UPDATE 1-European supermarket alliance drops Nestle products in price stand-off

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BRUSSELS/ZURICH, Feb 21 (Reuters) - European supermarkets including Belgium's Colruyt and Switzerland's Coop have dropped some Nestle products, as a buying group representing them pushes for better prices.

Swiss Coop said it had stopped orders on more than 150 Nestle products, including Cailler Perle chocolate, Nescafe Azera coffee and pizza brand Buitoni La Fina, demanding better supply conditions.

The spat is the latest sign of the pressure on retailers and manufacturers as they grapple with changing consumer tastes towards healthier food, growth of online players like Amazon.com and shareholder pressure to boost profit margins.

Colruyt, known for its no-frills, low-cost strategy, confirmed on Wednesday it was a member of the AgeCore buying group and that talks were ongoing between AgeCore and Nestle.

"We are convinced that both parties, just as always, will reach an agreement," it said in a statement, declining to provide further details.

Nestle said it regretted consumers could not currently access its products in some stores in Europe. It said it continued to negotiate in good faith and hoped to find an amicable solution soon.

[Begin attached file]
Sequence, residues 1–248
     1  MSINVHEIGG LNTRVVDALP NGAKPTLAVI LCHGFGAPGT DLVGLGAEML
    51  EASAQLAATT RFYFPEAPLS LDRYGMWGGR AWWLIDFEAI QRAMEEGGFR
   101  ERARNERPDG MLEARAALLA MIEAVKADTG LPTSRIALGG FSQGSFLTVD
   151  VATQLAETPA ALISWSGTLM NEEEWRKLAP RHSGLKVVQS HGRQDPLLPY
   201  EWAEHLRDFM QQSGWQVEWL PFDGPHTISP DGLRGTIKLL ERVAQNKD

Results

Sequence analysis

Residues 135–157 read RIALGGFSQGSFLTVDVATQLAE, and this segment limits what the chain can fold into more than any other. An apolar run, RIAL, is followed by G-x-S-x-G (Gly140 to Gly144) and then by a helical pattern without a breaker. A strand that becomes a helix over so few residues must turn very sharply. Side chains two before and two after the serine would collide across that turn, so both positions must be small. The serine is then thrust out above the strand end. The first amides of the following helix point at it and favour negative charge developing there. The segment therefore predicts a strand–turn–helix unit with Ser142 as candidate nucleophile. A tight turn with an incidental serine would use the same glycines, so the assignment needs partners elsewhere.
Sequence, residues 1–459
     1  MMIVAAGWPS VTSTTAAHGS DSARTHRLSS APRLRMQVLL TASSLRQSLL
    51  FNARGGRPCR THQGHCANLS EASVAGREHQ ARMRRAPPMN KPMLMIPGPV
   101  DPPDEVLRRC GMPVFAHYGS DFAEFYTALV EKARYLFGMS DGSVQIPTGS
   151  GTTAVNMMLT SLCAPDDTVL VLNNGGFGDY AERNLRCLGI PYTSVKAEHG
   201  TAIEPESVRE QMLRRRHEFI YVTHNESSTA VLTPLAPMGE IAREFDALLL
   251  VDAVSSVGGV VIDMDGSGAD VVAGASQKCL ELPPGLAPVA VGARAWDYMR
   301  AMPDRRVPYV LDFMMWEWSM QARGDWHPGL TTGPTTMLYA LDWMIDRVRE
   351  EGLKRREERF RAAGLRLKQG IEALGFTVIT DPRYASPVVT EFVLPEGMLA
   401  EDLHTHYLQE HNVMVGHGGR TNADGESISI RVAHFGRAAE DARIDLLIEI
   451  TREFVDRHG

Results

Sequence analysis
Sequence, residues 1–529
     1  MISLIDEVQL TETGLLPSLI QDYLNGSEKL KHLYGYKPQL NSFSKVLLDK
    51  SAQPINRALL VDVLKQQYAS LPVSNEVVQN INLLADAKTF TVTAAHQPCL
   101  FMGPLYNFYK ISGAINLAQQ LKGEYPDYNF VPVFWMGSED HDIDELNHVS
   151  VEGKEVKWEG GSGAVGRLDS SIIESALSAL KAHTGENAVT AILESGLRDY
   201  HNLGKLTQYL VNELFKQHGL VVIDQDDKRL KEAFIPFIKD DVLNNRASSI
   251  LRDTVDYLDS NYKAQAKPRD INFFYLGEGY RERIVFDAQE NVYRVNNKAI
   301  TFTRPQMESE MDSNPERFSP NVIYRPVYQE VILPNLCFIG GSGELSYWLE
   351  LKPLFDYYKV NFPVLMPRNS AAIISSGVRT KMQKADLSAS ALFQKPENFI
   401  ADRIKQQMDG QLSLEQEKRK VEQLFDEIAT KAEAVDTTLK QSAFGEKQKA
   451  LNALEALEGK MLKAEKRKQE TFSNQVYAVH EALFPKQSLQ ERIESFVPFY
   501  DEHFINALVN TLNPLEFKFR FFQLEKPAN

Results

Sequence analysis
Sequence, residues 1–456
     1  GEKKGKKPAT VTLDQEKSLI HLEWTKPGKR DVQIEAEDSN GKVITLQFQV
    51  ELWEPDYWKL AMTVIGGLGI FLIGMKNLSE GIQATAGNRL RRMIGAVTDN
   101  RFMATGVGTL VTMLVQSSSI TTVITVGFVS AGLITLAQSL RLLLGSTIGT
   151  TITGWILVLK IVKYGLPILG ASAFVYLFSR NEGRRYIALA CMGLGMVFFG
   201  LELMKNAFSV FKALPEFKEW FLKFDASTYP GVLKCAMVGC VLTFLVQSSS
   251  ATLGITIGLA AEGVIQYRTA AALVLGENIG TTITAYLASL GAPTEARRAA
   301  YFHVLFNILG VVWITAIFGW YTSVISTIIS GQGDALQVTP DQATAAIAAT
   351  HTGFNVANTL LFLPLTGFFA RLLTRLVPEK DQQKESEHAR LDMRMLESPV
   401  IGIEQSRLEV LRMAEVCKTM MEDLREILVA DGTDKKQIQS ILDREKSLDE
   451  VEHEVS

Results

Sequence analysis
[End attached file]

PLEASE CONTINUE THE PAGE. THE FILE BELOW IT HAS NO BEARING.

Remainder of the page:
Italian supermarket chain Conad said AgeCore companies had reduced their purchases of Nestle products by around 20 percent, with negotiations underway over prices.

Geneva-based AgeCore could not immediately be reached for comment. According to its LinkedIn page, it represents Edeka in Germany, Eroski in Spain and Intermarche in France, as well as Colruyt, Conad and Swiss Coop.

Disagreements between manufacturers and retailers over price are commonplace and usually get worked out privately, though occasionally products get "delisted" temporarily.

In March last year, Britain's Tesco stopped selling several Heineken beers, and in October 2016, Unilever and Tesco had a row dubbed "Marmitegate" by the British press after the nation's iconic spread disappeared from some shelves.

It is easier for manufacturers to push through price rises when they can show their own ingredient costs have gone up. But recently many commodity prices have been stable. At the same time, there has been little growth in the volume of goods sold.

Kepler Cheuvreux analyst Jon Cox predicted the two sides would compromise.

"Ultimately innovation by Nestle is key - if they have consumer relevant products and concepts that others don't, retailers can't afford to turn Nestle away." (Reporting by Martinne Geller in London, Samantha Koester in Brussels, Elisa Anzolin in Milan, Angelika Gruber and Silke Koltrowitz in Zurich and Matthias Inverardi in Duesseldorf; Editing by Philip Blenkinsop, Georgina Prodhan and Mark Potter)